Patient groups criticize ‘right to try’ bill on experimental drugs
More than 75 patient organizations sent a letter to House leadership Monday voicing their opposition to a revised “right to try” bill on experimental drugs that is headed to the House floor for a vote on Tuesday evening.
Over the weekend, Republican leaders on the House Energy and Commerce Committee unveiled a revised version of a right to try bill, which would allow terminally ill patients to request access to drugs the Food and Drug Administration (FDA) hasn’t yet approved — and to do so without going through the FDA.
Patient advocacy groups expressed concerns with taking the FDA out of the process.
“While this version of the legislation includes patient safety improvements compared to previous versions of the legislation, we reiterate our concern with creating a secondary pathway for accessing investigational therapies outside of clinical trials that would remove Food and Drug Administration (FDA) approval and consultation, and would not increase access to promising therapies for our patients because it does not address the primary barriers to such access,” the groups wrote in the letter to Speaker Paul Ryan (R-Wis.) and House Minority Leader Nancy Pelosi (D-Calif.).
The groups on the letter include the American Cancer Society Cancer Action Network, Susan G. Komen and the National Organization for Rare Disorders.
President Trump called on Congress to pass right to try legislation in his State of the Union address in late January. The Senate passed the bill by unanimous consent over the summer, so Trump’s call put pressure on the House to act.
Energy and Commerce Chairman Greg Walden (R-Ore.) had been clear that changes to the legislation were coming, telling reporters in early February that he wanted to take into account the concerns of advocacy groups and work to make sure the measures were safe and worked.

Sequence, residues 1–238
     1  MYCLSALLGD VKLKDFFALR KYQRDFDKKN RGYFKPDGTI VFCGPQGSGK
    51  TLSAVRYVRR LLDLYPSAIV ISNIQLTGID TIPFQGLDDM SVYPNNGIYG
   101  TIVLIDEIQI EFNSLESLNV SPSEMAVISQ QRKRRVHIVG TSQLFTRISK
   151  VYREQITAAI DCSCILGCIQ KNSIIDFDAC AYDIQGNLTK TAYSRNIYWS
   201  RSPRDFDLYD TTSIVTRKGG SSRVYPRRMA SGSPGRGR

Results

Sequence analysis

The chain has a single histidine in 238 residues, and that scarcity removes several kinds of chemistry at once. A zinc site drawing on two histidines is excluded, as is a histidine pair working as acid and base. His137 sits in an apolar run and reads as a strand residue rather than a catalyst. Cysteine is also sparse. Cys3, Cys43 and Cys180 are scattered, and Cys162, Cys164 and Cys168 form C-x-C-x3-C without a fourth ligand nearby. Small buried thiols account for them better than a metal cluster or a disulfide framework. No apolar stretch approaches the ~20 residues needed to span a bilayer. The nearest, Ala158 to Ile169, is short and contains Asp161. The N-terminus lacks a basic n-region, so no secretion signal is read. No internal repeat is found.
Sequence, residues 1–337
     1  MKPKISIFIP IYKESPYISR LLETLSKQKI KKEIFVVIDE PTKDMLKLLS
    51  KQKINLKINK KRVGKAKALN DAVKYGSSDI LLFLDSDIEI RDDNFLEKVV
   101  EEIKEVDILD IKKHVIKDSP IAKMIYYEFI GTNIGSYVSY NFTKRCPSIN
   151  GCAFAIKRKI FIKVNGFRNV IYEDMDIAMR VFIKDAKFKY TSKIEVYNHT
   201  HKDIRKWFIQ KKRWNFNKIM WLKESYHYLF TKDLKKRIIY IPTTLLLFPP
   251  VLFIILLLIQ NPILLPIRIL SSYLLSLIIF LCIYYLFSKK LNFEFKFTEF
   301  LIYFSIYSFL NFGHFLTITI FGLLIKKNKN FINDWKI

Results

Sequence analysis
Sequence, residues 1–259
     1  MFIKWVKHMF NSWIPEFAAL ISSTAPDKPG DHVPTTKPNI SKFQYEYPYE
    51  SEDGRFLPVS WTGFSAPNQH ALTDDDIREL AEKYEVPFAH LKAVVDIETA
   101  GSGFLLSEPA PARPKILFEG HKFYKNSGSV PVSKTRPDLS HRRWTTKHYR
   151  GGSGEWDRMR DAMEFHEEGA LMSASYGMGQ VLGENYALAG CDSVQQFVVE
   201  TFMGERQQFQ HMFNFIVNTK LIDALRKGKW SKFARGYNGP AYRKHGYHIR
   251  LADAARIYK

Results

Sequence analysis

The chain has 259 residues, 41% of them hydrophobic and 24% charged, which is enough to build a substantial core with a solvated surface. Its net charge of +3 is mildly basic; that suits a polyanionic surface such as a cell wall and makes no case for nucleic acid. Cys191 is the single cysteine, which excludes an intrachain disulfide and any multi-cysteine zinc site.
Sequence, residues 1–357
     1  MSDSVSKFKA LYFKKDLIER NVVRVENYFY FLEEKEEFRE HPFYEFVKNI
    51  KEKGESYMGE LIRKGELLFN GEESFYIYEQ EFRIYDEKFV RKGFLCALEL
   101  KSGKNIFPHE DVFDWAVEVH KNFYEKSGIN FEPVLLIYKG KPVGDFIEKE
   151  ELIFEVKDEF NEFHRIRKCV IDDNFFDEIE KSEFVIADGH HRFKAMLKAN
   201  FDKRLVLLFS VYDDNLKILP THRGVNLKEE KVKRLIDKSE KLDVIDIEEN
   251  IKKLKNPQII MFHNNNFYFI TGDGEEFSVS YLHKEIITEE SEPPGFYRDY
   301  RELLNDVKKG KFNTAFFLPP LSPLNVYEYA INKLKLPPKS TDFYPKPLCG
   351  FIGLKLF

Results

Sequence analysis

On Sunday, Walden and the panel’s Health Subcommittee chairman, Rep. Michael Burgess (R-Texas), said in a statement that the bill “has been a long-time coming, but in striking the right balance for patients and their safety, the House is on track to deliver hopeful news for patients desperately seeking the right to try investigational treatments and therapies.”
The patient groups still aren’t satisfied. They acknowledged changes to the bill that they view as improvements, such as beefing up informed consent requirements, narrowing those who are eligible to participate, adding additional reporting to the FDA and more.
But the groups also noted the FDA already has a compassionate use program that lets a physician ask the FDA to let a patient try an experimental drug; the agency approves more than 99 percent of those requests. They also noted that drugmakers often decide not to let a patient try a drug outside of a clinical trial.
The top Democrat on the Energy and Commerce Committee, Rep. Frank Pallone Jr. (N.J.), announced his opposition to the bill Monday. A Democratic aide expressed frustration that the House was voting for the bill under suspension of the rules, which is typically reserved for non-controversial bills. Support from two-thirds of the House will be required for passage.
Pelosi will also oppose the bill, according to her office.
“Leader Pelosi will follow the lead of numerous patient and disease groups in opposing this legislation,” spokesman Drew Hammill wrote in an email.
Supporters of the legislation include Vice President Pence and groups backed by conservative mega-donors Charles and David Koch.
Proponents argue that those who are terminally ill should have every tool at their disposal to try a drug that could possibly help. They note that the medicines must have passed a phase 1 clinical trial and be in the FDA’s pipeline. They also say the drug approval process takes too long.